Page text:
Today, 3-D printers are creating more than just plastic doorstops and chess pieces. Larger-than-ever structures are being “printed” layer by layer using materials like steel and concrete. A robotic 3-D printer in the Netherlands created a 12-meter (40’) pedestrian bridge (above). And a San Francisco start-up company printed the concrete walls of a small house in 24 hours (below).
Should carpenters be worried? Not yet. It’s unlikely that 3D printers will replace traditional methods of construction any time soon. As one leading engineer on the topic, John Hainsworth said in an article for the Guardian, “If it doesn’t need to be a thing of beauty and it just needs to be rapidly produced, then it’s only a matter of time before it [3D printing] is seen to be viable.” In other words, 3D printers are good at building very basic structures that do not have the ascetic value nor the utility most homeowners are looking for.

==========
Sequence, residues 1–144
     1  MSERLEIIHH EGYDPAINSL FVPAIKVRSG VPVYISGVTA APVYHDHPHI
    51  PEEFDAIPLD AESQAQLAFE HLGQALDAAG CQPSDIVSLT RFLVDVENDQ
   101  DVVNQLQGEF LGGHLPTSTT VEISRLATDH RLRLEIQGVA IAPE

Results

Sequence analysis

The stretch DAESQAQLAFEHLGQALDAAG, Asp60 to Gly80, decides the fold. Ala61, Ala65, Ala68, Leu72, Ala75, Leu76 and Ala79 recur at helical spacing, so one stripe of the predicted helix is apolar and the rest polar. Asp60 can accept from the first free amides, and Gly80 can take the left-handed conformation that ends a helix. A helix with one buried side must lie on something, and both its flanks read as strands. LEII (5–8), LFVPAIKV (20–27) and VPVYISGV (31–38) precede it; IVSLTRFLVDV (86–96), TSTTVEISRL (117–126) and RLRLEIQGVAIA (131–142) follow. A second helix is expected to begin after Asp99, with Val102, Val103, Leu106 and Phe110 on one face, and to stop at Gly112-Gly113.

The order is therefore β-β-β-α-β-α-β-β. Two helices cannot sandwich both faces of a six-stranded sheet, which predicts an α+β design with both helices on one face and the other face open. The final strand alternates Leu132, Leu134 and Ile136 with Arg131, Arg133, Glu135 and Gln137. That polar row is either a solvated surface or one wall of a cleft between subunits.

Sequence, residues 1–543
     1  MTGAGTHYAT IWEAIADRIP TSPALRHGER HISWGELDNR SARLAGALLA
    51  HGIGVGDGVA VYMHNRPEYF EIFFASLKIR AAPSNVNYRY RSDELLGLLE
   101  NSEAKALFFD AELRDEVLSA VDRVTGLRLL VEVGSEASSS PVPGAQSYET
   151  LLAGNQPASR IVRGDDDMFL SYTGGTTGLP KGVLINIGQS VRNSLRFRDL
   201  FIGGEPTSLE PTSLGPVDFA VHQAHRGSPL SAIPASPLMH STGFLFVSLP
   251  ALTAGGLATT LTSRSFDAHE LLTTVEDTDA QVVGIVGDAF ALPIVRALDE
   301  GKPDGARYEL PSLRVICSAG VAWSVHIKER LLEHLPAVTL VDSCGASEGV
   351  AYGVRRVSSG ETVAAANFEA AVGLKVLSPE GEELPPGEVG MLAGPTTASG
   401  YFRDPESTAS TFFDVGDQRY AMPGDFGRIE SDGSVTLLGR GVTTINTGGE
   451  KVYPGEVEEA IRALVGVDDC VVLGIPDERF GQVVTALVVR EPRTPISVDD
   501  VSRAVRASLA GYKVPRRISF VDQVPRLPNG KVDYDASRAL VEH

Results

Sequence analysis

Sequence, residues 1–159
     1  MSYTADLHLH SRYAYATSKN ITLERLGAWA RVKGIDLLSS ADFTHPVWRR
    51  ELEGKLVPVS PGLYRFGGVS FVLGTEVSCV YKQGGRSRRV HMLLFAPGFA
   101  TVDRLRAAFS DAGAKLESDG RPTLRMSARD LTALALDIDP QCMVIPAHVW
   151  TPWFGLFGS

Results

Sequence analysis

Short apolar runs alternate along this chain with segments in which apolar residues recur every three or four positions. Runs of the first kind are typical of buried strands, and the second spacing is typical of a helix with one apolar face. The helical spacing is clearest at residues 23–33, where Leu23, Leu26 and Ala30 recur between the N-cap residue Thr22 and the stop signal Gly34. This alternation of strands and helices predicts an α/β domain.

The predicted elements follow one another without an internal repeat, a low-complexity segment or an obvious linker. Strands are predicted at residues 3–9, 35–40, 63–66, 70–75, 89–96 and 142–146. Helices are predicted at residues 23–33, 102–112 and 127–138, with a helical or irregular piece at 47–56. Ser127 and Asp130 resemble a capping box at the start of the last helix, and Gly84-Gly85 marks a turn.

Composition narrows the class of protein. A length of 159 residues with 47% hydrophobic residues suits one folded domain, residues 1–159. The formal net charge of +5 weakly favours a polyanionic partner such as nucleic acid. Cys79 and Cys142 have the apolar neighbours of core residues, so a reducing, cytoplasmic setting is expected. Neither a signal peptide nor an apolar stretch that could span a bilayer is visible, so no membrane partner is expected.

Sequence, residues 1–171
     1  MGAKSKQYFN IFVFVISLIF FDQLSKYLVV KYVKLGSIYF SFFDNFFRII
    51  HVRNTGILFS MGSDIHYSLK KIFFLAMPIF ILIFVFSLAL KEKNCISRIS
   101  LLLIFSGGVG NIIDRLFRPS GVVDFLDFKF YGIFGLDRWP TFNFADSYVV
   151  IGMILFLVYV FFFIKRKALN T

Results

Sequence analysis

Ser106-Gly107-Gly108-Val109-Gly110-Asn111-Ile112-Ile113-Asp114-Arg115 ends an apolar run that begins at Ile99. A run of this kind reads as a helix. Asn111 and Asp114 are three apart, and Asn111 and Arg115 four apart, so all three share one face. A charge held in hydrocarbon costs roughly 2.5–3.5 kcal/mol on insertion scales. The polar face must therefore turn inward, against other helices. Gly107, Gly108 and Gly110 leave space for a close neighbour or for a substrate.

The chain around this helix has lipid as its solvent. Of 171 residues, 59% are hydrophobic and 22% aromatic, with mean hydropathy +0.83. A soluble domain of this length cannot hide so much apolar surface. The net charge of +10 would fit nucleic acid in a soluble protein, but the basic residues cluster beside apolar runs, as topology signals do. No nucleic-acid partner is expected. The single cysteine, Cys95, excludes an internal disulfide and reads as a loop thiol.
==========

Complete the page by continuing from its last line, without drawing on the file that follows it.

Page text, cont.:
Safety and durability are additional concerns. “If you are talking about printing a public house or building, you have to demonstrate that it will hold,” said Clément Moreau, the chief executive of the French cloud-based 3D printing firm Sculpteo, which launched a new titanium printing service earlier this year.
Another reason that 3D printing is still a ways off from being a viable construction method is that 3D printing is hard to regulate. And most contractors know a thing or two about slow moving housing regulations.
So breathe easy, construction pros; 3D printers aren’t coming to steal your jobs, at least not for a while.